Cox regression analysis was used to evaluate the association between lipid parameters at baseline and at 4 months (on-treatment) and the subsequent risk of death or nonfatal coronary events. Data are presented as hazard ratios with associated 95% confidence intervals (CI). All models described were constructed identically and were adjusted for age, gender, history of hypertension, history of diabetes, smoking status, body mass index (BMI), type of presenting acute coronary syndrome (ACS), and use of percutaneous intervention (PCI), and were based on models previously published by our group.10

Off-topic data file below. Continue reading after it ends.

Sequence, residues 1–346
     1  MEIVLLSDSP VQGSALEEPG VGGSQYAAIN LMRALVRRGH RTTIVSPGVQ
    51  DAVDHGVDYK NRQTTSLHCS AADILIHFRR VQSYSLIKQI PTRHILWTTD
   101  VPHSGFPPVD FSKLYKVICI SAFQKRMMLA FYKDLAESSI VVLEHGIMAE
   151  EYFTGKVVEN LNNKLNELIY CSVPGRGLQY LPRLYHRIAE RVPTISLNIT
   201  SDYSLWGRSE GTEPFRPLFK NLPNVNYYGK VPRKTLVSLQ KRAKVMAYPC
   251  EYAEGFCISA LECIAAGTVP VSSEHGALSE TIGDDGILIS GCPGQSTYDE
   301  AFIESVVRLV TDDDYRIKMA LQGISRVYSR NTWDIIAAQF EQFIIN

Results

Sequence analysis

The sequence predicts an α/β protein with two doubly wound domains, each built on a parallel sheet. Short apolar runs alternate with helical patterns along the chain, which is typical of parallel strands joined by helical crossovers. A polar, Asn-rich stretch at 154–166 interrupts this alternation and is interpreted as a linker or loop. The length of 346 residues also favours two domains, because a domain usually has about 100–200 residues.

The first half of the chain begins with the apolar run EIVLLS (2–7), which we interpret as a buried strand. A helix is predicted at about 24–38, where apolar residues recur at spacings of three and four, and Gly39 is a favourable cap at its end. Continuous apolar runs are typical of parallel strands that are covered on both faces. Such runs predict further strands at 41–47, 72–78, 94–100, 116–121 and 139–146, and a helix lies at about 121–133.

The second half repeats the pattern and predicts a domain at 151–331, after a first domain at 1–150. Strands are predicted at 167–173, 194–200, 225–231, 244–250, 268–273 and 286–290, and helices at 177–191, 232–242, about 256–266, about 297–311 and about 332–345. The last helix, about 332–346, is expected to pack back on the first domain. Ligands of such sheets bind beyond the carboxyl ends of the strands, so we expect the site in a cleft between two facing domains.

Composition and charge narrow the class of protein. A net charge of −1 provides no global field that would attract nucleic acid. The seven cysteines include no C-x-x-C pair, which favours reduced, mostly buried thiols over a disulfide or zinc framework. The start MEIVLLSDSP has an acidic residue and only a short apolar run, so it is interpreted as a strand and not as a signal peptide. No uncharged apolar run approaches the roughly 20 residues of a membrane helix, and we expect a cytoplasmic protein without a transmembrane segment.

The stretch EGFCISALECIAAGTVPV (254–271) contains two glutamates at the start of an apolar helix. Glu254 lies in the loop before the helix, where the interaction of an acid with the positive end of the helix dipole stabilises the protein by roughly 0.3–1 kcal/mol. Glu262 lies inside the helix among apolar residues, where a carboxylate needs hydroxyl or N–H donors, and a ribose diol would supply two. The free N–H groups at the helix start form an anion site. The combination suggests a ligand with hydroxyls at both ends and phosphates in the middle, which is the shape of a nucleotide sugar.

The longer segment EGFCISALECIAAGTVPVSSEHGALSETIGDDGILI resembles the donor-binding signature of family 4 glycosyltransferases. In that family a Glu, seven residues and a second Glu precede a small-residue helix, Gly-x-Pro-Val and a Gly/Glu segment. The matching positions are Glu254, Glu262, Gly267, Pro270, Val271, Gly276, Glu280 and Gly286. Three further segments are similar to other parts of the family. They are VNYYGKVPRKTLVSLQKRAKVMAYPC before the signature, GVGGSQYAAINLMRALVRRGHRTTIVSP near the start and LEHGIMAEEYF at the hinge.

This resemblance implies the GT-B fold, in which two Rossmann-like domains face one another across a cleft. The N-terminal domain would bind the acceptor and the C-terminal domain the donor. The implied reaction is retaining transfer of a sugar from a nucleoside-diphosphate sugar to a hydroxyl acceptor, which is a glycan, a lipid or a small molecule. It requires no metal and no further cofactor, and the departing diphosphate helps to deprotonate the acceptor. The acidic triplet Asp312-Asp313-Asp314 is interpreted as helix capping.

Cox models make no assumption about the baseline hazard distribution. Hence, when assessing the additional contribution of any variable to risk prediction models we chose to use the pseudolog likelihood henceforth referred to as log likelihood of the residuals (LL RES) and the likelihood ratio test (LRT) as recently suggested, rather than receiver operator curves.11 To the basic model described above a larger model was constructed containing the additional parameter of interest, for instance expressed as a 1SD change for any lipid or as a 1SD change in log CRP. A likelihood ratio test (LRT) statistic (calculated as 2X difference in LLRES between models) >3.84 (corresponding to a Chi squared statistic of 3.84) was accepted as providing a nominally significant difference between models at the 5% level with one degree of freedom. To allow for comparisons between models, the dataset was restricted to 2652 subjects in whom information on all variables were available at month 4. Additional analyses are depicted graphically assessing the relationship between lipid level and probability of adverse event using regression models adjusted as previously described and stratified by hs-CRP level. Analyses were performed using SAS v9 (SAS Institute Inc) and S-Plus v6.2 (Insightful Corp); the statistical analyses were performed at the TIMI Data Coordinating Center and the Worldwide Clinical Trials. The authors had full access to and take full responsibility for the integrity of the data. All authors have read and agree to the manuscript as written.